Socially conscious is the only way to be entrepreneurial for Donnie Ungaro.
“For me, if I’m going to be in business, then a social enterprise is the way to go,” said Ungaro, 33.
“Thus, socially-conscious comfort food.”
Ungaro launched his bicycle-towed food-cart business in Kelowna to rave reviews.
“Essentially, it’s a food truck behind a bike,” he said.
“It’s a licensed, legal kitchen that can be pulled by a bike. It has hot water and a sink, burners, hot boxes and flash freezer and it serves up killer comfort food.”
Ungaro came up with the concept, the first of its kind in North America, and is working with three charities to cycle the food out into the community.
Soles4Souls (shoes for the needy), Metro (services for street people) and the Kelowna Food Bank are taking delivery of food bikes as franchises and will operate them around town.
The first will show up in front of Metro at the corner of Water Street and Queensway Avenue downtown and others will roll into locations in the vicinity of the Landmark office buildings, Okanagan College and Kelowna General Hospital.
Profits will help the three charities and
20 per cent of proceeds from the food bikes will also be donated to food programs for children in need.
The food bike menus are street cool — think ginger beef and pickled vegetable sandwich, Indian-spiced scrambled eggs in a naan cone, pulled-pork grilled cheese sandwich, pork and pineapple taco, chipotle mac ‘n’ cheese, jerk chicken and butter chicken.
“The people that work the food bikes can also transition to kitchen or restaurant jobs if they want to,” said Ungaro.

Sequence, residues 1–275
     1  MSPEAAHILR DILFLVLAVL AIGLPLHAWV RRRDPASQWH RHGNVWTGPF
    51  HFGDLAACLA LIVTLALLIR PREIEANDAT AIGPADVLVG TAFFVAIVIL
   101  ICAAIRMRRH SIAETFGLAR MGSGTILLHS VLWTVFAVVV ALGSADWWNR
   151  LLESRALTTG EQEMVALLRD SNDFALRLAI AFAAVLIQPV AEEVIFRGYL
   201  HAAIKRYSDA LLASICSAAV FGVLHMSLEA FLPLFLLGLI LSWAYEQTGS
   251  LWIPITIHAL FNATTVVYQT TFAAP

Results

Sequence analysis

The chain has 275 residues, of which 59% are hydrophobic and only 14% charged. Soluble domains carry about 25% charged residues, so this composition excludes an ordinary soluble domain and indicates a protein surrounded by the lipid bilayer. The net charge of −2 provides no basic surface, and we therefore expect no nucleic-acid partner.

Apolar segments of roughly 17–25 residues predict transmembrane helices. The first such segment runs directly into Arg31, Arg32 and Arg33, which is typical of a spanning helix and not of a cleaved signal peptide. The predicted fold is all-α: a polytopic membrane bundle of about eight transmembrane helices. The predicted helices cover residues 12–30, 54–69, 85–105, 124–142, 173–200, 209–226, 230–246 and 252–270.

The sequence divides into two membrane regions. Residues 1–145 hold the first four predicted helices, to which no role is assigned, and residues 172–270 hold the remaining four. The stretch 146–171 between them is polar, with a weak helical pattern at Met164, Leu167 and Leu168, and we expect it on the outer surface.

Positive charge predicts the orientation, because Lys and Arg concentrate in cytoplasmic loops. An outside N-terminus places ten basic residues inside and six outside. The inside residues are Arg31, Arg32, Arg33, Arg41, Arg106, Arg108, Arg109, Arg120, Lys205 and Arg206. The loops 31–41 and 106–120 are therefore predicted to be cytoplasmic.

Ungaro’s company is called Culinary Ink, in reference to his profession as a chef and his tattoos.
Ungaro also works under contract with the Central Okanagan Economic Development Commission to run the Okanagan Young Professionals Collective.
It brings together young businesspeople to network and do good.
It’s flagship Motion Ball event raised $62,000 for disabled kids sports and another event has young professionals donate volunteer hours to charities instead of money.
He’s also organizing Kelowna’s Tedx event Friday that will attract 1,350 people to the Kelowna Community Theatre to hear guest speakers such as Olympic silver medalist curler Cheryl Bernard and Jonnie Penn, the producer and star of MTV show The Buried Life.
“I’m the organizer and I’m also catering it,” said Ungaro.
“I swore I would never do both at the same time again, yet here I am, doing it again.”
Ungaro was nominated for Top Forty Under 40 by financial adviser Jay Doowhaniuk of Raymond James and Victor Narynskyyi of Centro Consulting.
Editor’s note: This is the fourth of 40 profiles for the Kelowna Top Forty Under 40 program presented by BDO Accountants and Consultants, the Junior Chamber of Commerce International (Okanagan chapter), Kelowna Chamber of Commerce and The Daily Courier. Every week in this space, we’ll feature someone under the age of 40 who is making an impact through business, community involvement and innovation.